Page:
From Field Ecology to Programming

 

My name is Kristina, and I am nearly finished with my PhD through the Wildlife Ecology and Conservation department at University of Florida. During this process, I’ve made an immense transition in my career that is surprising even to me.

 

Like most ecologists, I became interested in this field because I loved spending time outdoors. I spent much of my childhood canoeing, hiking, and generally bumming around in the woods with my friends. I was already intending on being a scientist when I started college, as I was enthralled by using the scientific method to discover how the world around us works.

 

I had no idea that there was a career that combines both passions until I took my first ecology course. You can imagine my delight when I discovered ecologists get to both spend time outside collecting data and use this to unravel the inner workings of our world. I was able to spend a lot of time on boats and in the water collecting lake samples for diverse organisms, from algae to fish, for both my own and others’ research, during my undergraduate degree.

 

My undergraduate mentor Dr. Bart De Stasio encouraged me to continue my path as a scientist by pursuing a PhD. While taking a year off to do research on fish behavior, I actually stumbled across my PhD advisor Dr. Ethan White through his lab’s blog. Most of his research focused on looking at patterns and processes that operate across many different types of species and ecosystems. Even though I was unfamiliar with this type of work, I was intrigued and decided to reach out to him anyways. As Dr. White mentioned six years later during my defense talk, I told him that I had no background in this area…yet.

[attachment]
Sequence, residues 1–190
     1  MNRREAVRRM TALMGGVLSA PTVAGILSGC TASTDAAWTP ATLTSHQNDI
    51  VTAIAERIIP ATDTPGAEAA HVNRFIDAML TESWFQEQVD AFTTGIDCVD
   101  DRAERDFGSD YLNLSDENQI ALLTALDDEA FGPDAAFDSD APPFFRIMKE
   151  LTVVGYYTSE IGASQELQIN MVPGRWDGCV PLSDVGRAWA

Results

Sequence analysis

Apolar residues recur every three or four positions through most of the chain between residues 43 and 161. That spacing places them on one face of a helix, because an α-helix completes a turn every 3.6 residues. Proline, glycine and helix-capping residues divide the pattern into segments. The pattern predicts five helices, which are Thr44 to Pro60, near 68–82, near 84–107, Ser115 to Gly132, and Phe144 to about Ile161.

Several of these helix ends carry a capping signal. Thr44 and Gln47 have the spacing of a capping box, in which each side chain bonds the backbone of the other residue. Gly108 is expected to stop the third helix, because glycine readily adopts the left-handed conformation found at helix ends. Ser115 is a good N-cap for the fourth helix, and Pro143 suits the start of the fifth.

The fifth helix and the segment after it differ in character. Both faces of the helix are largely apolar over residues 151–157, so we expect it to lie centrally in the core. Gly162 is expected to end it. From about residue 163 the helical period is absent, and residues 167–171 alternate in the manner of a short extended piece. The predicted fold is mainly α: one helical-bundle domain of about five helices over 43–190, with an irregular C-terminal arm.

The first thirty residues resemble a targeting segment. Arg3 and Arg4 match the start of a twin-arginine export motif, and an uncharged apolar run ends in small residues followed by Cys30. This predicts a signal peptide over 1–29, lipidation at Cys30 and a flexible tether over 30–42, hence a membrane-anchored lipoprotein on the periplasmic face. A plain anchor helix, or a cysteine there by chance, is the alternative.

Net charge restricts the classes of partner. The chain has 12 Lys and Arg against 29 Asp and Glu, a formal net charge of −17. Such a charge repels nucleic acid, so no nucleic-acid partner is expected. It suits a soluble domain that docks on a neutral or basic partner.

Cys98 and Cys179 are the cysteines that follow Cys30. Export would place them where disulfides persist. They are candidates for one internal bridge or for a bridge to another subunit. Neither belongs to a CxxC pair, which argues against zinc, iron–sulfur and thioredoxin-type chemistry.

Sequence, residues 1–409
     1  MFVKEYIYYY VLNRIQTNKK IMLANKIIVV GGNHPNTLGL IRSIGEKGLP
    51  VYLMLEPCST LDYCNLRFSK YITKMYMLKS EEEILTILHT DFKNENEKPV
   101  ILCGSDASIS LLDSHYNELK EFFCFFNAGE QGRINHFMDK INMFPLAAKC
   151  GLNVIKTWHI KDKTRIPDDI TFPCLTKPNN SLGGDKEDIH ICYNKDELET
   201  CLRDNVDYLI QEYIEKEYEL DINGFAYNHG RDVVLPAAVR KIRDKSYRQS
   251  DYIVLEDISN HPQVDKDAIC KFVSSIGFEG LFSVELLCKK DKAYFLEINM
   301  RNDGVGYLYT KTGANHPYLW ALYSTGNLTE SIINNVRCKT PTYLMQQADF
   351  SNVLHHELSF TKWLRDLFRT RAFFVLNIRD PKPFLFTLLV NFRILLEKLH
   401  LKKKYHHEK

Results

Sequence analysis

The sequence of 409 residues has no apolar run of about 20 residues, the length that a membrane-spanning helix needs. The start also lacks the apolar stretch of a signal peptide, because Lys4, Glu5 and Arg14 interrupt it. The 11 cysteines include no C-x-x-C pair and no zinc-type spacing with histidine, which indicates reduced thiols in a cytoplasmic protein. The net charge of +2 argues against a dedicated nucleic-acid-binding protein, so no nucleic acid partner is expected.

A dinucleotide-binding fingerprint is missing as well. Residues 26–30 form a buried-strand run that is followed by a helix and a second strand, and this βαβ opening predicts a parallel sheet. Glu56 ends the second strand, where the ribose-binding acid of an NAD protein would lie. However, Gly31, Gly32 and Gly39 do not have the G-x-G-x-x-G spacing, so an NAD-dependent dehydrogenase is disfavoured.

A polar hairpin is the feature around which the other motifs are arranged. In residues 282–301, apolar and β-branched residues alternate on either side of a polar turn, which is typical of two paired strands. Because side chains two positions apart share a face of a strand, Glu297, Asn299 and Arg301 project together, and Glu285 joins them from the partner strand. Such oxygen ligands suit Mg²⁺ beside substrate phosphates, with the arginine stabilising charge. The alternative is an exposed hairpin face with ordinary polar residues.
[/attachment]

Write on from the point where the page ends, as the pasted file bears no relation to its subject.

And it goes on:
Being able to ask such broad-reaching ecological questions requires knowing how to access, use, and analyze large amounts of data. I’ve been lucky enough to learn these skills throughout the course of my PhD with Dr. White. Because I had no background, I spent just as much time absorbing the literature of this type of work as teaching myself how to program, both of which I loved doing. I now have a strong computational foundation, including knowing how to program in several languages and use a collaborative version tracking system.

 

I am fortunate enough to continue doing this type of computationally- and data-intensive work after my PhD. I will soon be joining Dr. David LeBauer’s group at the University of Arizona as a scientific programmer, working with open source software tools and agricultural data. Though I never would have anticipated that this would be my path as a scientist, I’m grateful that I discovered how much I enjoy working with large amounts of data, which is available due to the blood, sweat, and tears of many other scientists, to ask interesting and broad questions about how our natural systems work.